One of Fox’s money-saving gambits seriously mars the film: since True Story recycles several spectacular scenes from the eighteen-year-old Jesse James. Fox’s optical department reformatted old, flat Technicolor action sequences from the 1939 film, taking a CinemaScope slice out of the middle of the flat Academy frame. A nighttime train robbery, bits of the Northfield raid, horseback stunts and various shots of riders are all obtained in this manner. Since Tyrone Power and Henry Fonda in the old movie wear bandannas during these scenes, the match with new shots of Robert Wagner and Jeffrey Hunter is fairly successful. But the result still feels cheap.
1957 audiences that came to ‘see what they do with the story this time’ must have spotted the cheats right off. Jesse and Frank escape Northfield by jumping their horses through the window of a general store, an impressive stunt that nobody who saw the original could forget — the only difference is the severe cropping from the ‘scope reformat job. Even more unforgettable are two extremely cruel horse fall stunts taken verbatim from Jesse James. One at a time, two horses are tricked into riding straight off a cliff perhaps thirty feet in height. The daredevil riders fly clear while the horses twist and tumble on the way down. The filmmakers had every expectation that the animals might die. One horse was reportedly killed on the spot.
As with any Nicholas Ray film, the blocking of scenes and acting is still a cut above normal, and many good scenes stick out. We enjoy seeing familiar actors working under Ray’s tutelage — John Carradine, Barney Phillips, Alan Hale Jr., Frank Overton, John Doucette. In a bit part is Tony Ray, the director’s son, who would three years later marry his own father’s ex-wife, Gloria Grahame. A biopic called ‘The True Story of Nicholas Ray’ might be too strange to be believed.
Ray’s more challenging ideas simply aren’t present. He wanted Jesse to be more of an out-of-control delinquent, motivated by political oppression but also drunk on the illusion that he’s already a legend. He also wanted to work in the ‘story told as a song’ format that he’d learned working for the WPA twenty years before, recording local folk singers in the South. The only folk singing we hear is a street singer crooning “Black Girl” on a sidewalk. The odd ending shows Jesse and Zee’s neighbors rushing to view the death scene. Outside, the strolling singer invents a final stanza for the Jesse James Ballad. It’s all that’s left of the director’s idea of a biography held together by a song.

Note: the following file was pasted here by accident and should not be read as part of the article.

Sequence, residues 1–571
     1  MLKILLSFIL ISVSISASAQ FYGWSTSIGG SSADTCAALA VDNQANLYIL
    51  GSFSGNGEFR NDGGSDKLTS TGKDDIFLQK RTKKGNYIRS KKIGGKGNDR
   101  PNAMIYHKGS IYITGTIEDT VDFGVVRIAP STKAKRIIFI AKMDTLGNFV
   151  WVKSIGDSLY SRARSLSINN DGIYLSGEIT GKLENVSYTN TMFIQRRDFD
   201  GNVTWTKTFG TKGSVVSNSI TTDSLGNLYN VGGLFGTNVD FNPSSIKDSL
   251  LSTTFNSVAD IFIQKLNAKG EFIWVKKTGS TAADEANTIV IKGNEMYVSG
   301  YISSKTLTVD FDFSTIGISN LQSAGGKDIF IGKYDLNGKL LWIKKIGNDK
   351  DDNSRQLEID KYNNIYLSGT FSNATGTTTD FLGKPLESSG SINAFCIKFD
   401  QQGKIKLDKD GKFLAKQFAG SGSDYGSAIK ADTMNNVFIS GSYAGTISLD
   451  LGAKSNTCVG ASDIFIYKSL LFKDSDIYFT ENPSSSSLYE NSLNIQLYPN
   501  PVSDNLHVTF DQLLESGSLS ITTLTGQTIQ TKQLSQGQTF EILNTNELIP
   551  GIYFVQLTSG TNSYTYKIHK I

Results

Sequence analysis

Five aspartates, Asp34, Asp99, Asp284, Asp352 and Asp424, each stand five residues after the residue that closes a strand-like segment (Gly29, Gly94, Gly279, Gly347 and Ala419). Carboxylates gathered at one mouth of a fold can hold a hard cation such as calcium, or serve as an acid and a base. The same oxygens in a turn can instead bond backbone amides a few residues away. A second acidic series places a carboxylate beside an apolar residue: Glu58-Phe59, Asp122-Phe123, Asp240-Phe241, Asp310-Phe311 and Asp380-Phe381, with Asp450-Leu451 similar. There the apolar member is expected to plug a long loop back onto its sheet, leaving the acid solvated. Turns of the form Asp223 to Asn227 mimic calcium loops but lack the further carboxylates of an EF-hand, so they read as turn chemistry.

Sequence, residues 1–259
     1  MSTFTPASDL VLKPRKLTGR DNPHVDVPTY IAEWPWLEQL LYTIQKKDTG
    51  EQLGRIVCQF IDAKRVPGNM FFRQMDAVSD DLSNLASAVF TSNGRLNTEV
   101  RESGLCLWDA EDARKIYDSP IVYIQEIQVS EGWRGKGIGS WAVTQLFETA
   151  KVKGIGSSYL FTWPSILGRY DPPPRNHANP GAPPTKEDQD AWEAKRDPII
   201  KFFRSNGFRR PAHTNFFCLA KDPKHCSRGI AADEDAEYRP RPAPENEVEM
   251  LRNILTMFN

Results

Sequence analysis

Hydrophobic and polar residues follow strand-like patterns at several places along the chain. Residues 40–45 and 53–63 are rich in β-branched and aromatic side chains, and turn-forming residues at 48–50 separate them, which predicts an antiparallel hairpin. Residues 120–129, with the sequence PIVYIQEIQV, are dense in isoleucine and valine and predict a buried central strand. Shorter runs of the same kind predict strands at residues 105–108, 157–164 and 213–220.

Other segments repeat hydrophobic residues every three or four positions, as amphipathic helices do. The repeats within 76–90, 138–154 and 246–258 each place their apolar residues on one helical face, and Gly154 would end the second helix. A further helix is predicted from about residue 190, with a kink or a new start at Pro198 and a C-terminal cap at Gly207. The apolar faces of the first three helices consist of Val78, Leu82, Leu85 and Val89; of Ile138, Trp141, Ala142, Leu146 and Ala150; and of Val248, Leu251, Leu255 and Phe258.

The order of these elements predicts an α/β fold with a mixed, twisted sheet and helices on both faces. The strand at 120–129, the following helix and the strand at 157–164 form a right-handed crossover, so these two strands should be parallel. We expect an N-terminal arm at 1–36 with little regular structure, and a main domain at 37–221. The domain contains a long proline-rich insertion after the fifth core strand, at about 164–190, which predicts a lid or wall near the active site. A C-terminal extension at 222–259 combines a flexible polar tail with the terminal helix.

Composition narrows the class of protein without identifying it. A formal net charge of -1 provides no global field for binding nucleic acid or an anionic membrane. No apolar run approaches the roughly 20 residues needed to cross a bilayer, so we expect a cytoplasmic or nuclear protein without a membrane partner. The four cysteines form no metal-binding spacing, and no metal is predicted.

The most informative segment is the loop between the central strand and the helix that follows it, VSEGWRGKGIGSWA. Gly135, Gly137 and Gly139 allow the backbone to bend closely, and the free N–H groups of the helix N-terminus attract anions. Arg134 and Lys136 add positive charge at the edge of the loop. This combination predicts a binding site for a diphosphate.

By now I’ve reviewed almost all of Nicholas Ray’s feature films. Only nine years after he had begun, his directing career began to crumble with this picture. Auteur critics find great things in most of his subsequent films, but he never again enjoyed full artistic control. Most admit that his personal problems were a big factor. Although the New Wave critics loved it, Bitter Victory is a foolish, grossly miscast war movie. The misshapen Wind Across the Everglades was taken away from him when he couldn’t function, Party Girl is a dull studio cookie-cutter project graced with some nice Ray touches, The Savage Innocents works fairly well but has some rough technical edges, and much of 55 Days at Peking was filmed by second unit directors and even its actors, in Ray’s absence. Only King of Kings shows Ray still in command, and even it was substantially altered by others. The Ray classics all came earlier: They Live by Night, In a Lonely Place, On Dangerous Ground, The Lusty Men, Johnny Guitar, Rebel Without a Cause and Bigger than Life.
The Twilight Time Blu-ray of The True Story of Jesse James is a good encoding of a picture that has been shunted aside for decades. Lecturer Jim Kitses showed us a severely degraded Fox print at UCLA, and until recently most TV broadcasts used a pitiful pan-scanned version. The faded film elements have been brought back to a very good appearance with today’s powerful colorization tools. Just the same, we wonder if some mistakes were made: in the middle of a contrasty scene in broad daylight, a character tells us that it’s supposed to be nighttime. A few scenes with subdued color may have come from dupe material that faded even more.
We also get a good look at the iffy quality of those ‘money’ scenes repurposed from the 1939 Jesse James. It’s a miracle that they look good ay all, considering that they were originally 3-Strip Technicolor. An Eastman negative would have to have been generated from 3 B&W protection elements, and then optically cropped, blown up and squeezed to produce a CinemaScope negative multiple generations from the original. Fox’s lab timers may have had to dull down the new footage to aid in the matching.
The not-particularly great film score is given an isolated track. The visual extras are a silent excerpt from a Movietone newsreel and an original trailer. Julie Kirgo’s liner notes generate excitement for the picture, noting the involvement of top talent and Nicholas Ray’s undiminished directing skill.
Reviewed by Glenn Erickson
The True Story of Jesse James
Movie: Good -minus or Fair +plus
Supplements: Isolated Music Track, Fox Movietone Newsreels, Original Theatrical Trailer, Julie Kirgo liner notes.
Deaf and Hearing Impaired Friendly? YES; Subtitles: English (feature only)
Packaging: One Blu-ray in Keep case
Reviewed: December 21, 2018
Text © Copyright 2018 Glenn Erickson